Open Access

Facile and high-efficient immobilization of histidine-tagged multimeric protein G on magnetic nanoparticles

Nanoscale Research Letters20149:664

Received: 17 November 2014

Accepted: 4 December 2014

Published: 10 December 2014


This work reports the high-efficient and one-step immobilization of multimeric protein G on magnetic nanoparticles. The histidine-tagged (His-tag) recombinant multimeric protein G was overexpressed in Escherichia coli BL21 by the repeated linking of protein G monomers with a flexible linker. High-efficient immobilization on magnetic nanoparticles was demonstrated by two different preparation methods through the amino-silane and chloro-silane functionalization on silica-coated magnetic nanoparticles. Three kinds of multimeric protein G such as His-tag monomer, dimer, and trimer were tested for immobilization efficiency. For these tests, bicinchoninic acid (BCA) assay was employed to determine the amount of immobilized His-tag multimeric protein G. The result showed that the immobilization efficiency of the His-tag multimeric protein G of the monomer, dimer, and trimer was increased with the use of chloro-silane-functionalized magnetic nanoparticles in the range of 98% to 99%, rather than the use of amino-silane-functionalized magnetic nanoparticles in the range of 55% to 77%, respectively.


Magnetic nanoparticle Immobilization Protein G Histidine-tag Efficiency


Magnetic nanoparticles (MNPs) have been widely used in various biomaterial applications, such as the immobilization of enzymes and proteins, drug delivery systems, labeling and sorting of cells, and the purification of DNA and proteins [18]. One of the most recent applications being investigated extensively is the use of functionalized MNPs as magnetic carriers for specific protein purification [914]. Among them, immobilization methods for purification specific protein have used metal ion affinity-tagged protein, such as histidine (His)-tagged proteins. The functionalized magnetic nanoparticles and tagged protein offer several advantages for protein purification, such as easy handling and simple procedures. The protein purification can be carried out in a single tube without expensive instruments, centrifuges, or other such systems.

In the past few decades, Xu et al. modified Fe2O3 magnetic nanoparticles with dopamine compounds and nickel nitrilotriacetic acid (Ni-NTA) to separate His-tagged proteins [15]. Yeh et al. demonstrated that the methods can bind Ni-NTA onto Fe3O4-NH3+ nanoparticles for protein purification and cell targeting [16]. Moreover, Li et al. have successfully prepared Fe3O4 magnetic nanoparticles with immobilized NTA, which were capable of producing Ni(II) ions [17]. However, the methods described above require a difficult and complicated procedure to prepare Ni-NTA-modified magnetic nanoparticles to purify His-tagged proteins. In addition, Lee et al. prepared the functionalized silica-coated magnetic nanoparticles to bind multimeric protein G [18]. The detailed synthesis procedure for functionalized silica-coated magnetic nanoparticles is shown in Figure 1(A). The surface of MNPs was coated with silica to prepare MNPs@SiO2. In the first step, amino-functionalized MNPs@SiO2 (NH2-SiO2-MNP) was prepared by incorporating 3-aminopropyltrimethoxysilane (APTMS) on the surface of SiO2-MNP. Subsequently, the surface of NH2-SiO2-MNP was modified with the sulfhydryl group and sulfosuccinimidyl 4-(N-maleimidomethyl) cyclohexane-1-carboxylate (Sulfo-SMCC) for coupling with multimeric protein G. The binding efficiency of the monomer, dimer, and trimer protein G were 77%, 65%, and 55%, respectively. However, the procedure used a lot of reagents and was cumbersome, thus increasing the cost. Therefore, we need a novel, simple, and low-cost synthesis method to prepare functionalized MNPs@SiO2.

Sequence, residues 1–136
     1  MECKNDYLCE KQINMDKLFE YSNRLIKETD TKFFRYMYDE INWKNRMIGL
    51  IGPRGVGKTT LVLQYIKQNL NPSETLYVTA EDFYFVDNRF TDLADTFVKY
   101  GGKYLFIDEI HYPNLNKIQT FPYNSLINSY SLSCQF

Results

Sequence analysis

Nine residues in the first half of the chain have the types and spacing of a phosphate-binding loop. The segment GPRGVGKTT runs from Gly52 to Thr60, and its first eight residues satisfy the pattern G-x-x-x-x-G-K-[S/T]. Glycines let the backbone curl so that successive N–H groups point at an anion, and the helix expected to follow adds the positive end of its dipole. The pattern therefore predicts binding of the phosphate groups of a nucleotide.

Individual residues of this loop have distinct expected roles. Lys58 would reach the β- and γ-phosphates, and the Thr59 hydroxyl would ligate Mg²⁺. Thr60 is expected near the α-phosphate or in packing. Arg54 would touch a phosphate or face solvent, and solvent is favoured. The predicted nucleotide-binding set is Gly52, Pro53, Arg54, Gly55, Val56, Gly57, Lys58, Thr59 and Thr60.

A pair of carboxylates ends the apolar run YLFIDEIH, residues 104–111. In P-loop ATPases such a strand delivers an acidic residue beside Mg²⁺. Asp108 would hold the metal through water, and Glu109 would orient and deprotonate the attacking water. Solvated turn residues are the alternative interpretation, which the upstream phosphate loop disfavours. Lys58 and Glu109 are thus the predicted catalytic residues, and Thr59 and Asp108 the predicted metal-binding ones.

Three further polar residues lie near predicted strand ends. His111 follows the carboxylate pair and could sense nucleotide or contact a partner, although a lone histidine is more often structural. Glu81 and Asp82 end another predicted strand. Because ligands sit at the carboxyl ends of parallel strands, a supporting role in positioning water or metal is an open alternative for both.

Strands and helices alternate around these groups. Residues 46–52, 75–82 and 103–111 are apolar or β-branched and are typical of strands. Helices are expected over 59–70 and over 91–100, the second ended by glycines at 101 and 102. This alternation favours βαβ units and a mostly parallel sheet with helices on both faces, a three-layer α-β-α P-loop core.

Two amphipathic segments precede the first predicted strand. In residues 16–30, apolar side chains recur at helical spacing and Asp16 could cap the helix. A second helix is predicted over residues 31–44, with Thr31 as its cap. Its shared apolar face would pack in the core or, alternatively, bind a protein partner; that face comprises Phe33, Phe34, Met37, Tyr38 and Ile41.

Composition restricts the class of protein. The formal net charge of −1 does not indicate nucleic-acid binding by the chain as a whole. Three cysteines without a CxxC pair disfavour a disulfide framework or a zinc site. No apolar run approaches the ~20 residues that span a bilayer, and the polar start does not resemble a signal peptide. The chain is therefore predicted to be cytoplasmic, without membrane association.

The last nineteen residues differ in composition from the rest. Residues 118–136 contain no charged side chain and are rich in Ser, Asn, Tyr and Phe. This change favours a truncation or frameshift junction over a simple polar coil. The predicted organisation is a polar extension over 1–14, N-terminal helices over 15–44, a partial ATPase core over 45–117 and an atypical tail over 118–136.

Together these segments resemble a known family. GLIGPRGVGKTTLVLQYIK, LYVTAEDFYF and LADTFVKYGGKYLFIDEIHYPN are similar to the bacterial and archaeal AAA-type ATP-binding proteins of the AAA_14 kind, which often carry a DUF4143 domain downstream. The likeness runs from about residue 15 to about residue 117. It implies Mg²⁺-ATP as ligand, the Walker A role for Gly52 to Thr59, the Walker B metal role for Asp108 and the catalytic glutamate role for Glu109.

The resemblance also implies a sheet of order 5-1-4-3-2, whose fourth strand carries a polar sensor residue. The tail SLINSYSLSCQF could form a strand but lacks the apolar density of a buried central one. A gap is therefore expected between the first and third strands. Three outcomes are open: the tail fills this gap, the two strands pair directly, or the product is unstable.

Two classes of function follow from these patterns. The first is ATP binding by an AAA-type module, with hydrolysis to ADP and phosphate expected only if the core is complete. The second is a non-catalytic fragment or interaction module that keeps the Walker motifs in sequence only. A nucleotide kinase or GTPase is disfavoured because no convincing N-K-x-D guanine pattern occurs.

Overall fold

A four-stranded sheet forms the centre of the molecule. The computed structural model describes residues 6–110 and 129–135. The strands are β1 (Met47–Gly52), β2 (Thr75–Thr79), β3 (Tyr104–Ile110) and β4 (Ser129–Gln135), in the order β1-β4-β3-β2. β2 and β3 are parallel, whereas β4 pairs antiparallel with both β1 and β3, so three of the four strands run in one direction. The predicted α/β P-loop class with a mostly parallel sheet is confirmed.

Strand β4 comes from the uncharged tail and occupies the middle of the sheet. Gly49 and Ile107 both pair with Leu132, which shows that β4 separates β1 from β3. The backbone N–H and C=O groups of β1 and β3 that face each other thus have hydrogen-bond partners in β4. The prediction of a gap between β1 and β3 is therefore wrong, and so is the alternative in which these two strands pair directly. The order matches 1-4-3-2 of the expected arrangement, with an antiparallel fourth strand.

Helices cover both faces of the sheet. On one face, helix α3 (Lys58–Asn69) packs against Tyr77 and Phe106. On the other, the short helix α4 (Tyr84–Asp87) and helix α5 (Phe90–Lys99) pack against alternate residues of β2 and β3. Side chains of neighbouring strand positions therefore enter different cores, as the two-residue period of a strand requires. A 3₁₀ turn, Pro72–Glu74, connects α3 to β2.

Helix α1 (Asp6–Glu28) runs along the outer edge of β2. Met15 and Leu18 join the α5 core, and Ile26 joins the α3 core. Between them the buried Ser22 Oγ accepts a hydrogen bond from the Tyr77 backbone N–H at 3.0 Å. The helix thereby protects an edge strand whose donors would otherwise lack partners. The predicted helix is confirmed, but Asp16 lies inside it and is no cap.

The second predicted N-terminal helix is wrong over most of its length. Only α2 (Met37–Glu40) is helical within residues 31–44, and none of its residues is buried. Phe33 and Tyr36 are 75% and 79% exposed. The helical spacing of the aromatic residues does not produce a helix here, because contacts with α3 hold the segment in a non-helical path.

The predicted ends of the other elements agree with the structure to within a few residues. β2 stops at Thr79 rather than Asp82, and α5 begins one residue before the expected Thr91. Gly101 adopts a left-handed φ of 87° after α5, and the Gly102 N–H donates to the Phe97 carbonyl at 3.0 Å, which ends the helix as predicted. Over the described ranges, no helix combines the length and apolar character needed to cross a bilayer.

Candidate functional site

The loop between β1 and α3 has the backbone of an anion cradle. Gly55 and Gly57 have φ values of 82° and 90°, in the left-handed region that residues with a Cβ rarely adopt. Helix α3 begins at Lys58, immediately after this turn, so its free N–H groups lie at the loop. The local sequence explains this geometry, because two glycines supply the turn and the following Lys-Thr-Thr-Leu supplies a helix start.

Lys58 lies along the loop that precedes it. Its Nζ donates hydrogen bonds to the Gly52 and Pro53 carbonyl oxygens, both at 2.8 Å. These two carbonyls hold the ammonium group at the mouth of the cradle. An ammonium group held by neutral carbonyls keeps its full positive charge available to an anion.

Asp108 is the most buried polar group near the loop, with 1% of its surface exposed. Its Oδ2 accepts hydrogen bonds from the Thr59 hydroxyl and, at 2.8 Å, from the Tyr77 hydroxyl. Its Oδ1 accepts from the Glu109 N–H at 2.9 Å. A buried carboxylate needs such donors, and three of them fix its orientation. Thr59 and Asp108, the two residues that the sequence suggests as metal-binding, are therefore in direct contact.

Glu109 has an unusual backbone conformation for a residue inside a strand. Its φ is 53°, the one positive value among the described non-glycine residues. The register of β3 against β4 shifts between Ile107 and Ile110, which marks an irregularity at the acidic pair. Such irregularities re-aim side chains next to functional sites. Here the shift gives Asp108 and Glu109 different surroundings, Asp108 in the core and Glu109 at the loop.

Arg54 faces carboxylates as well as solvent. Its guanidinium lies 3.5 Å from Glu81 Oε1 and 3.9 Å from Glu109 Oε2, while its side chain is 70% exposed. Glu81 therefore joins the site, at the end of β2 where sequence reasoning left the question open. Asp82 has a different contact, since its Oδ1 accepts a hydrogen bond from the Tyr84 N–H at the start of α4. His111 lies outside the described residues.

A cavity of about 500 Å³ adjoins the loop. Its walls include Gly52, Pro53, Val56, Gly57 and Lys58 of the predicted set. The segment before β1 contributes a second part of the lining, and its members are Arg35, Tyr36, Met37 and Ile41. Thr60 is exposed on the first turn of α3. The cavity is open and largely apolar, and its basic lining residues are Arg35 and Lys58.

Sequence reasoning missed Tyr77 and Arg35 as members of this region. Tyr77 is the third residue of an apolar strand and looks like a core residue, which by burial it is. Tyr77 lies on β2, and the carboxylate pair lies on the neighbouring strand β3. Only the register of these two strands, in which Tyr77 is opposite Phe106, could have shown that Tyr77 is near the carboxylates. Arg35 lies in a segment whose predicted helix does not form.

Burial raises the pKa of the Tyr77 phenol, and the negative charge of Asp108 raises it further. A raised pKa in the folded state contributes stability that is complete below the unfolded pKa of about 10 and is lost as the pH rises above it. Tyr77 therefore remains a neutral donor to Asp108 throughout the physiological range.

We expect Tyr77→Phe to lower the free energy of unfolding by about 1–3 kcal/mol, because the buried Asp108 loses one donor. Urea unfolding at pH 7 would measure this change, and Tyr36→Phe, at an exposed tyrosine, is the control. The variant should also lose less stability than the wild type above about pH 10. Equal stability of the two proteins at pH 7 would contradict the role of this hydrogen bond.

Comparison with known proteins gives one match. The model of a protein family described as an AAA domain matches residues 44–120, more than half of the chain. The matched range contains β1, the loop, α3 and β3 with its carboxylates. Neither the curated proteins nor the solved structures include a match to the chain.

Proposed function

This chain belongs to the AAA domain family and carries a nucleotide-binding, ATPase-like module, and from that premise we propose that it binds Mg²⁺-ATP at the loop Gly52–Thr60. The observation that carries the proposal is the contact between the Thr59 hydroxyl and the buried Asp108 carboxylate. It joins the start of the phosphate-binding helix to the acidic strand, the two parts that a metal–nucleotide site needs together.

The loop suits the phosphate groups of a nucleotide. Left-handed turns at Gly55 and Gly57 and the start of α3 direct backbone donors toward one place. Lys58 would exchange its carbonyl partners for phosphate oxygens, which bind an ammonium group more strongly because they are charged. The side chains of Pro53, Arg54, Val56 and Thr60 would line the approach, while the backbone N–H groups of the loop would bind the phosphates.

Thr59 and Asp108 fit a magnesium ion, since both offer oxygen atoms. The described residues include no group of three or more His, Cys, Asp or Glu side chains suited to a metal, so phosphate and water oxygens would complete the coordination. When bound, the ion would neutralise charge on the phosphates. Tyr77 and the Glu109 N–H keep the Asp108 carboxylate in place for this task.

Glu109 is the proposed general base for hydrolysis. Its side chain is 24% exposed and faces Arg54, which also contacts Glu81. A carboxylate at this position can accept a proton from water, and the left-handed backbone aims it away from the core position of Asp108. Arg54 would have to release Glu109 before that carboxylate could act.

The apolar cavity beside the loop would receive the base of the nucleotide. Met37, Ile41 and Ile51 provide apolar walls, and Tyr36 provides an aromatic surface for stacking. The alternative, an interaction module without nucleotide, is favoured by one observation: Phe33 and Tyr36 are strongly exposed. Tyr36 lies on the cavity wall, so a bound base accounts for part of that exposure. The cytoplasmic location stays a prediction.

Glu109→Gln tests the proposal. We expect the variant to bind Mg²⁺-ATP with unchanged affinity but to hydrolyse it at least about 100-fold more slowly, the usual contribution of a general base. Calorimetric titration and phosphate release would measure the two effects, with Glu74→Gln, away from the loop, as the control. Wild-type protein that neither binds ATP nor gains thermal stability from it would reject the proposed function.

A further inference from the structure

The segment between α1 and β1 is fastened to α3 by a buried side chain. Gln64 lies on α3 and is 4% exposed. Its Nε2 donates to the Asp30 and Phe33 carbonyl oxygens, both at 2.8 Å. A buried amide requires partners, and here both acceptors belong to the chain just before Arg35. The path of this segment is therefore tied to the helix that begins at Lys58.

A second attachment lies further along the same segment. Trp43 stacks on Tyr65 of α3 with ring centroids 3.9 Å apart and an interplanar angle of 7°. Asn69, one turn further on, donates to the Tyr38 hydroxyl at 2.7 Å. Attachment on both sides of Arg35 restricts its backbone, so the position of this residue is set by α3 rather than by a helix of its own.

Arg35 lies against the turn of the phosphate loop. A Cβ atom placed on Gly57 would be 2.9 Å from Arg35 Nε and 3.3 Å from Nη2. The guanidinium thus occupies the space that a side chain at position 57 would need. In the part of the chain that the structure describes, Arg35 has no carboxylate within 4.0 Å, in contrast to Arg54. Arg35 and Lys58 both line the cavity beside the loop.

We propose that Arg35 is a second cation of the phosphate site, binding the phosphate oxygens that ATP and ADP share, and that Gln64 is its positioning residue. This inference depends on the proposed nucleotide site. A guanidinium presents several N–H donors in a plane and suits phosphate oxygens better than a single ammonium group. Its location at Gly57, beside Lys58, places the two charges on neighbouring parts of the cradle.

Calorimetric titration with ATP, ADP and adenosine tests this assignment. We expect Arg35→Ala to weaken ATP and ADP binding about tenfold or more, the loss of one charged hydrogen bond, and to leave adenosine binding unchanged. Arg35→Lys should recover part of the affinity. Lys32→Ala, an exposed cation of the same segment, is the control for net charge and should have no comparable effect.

Figure 1

The schematic diagram of the formation process. (A) NH2-MNPs@SiO2 and (B) CTMS-MNPs@SiO2.

In this work, we report the one-step preparation of multimeric protein G with a His-tagged (His-tag) monomer, dimer, and trimer on magnetic nanoparticles for high-efficient immobilization. This immobilization was demonstrated by two different pathways of amino-silane and chloro-silane functionalization on silica-coated magnetic nanoparticles. To calculate the efficiency, bicinchoninic acid (BCA) assay was used and confirmed by sodium dodecyl sulfate polyacrylamide gel electrophoresis (SDS-PAGE).


Synthesis of the CTMS-MNPs@SiO2

Iron (II) chloride tetrahydrate (99%), iron (III) chloride hexahydrate (98%), tetraethyl orthosilicate (98%), and phosphate-buffered saline (PBS) were purchased from Sigma-Aldrich chemical (St. Louis, MO, USA). (Chloromethyl) phenylethyltrimethoxysilane (CTMS) was purchased from Gelest (Morrisville, PA, USA). Pierce BCA™ protein assay kit was purchased from Thermo Scientific Inc. (Pittsburgh, PA, USA). HPLC-grade solvents were used in both the reaction and washing steps. All aqueous solution was prepared with double-distilled water.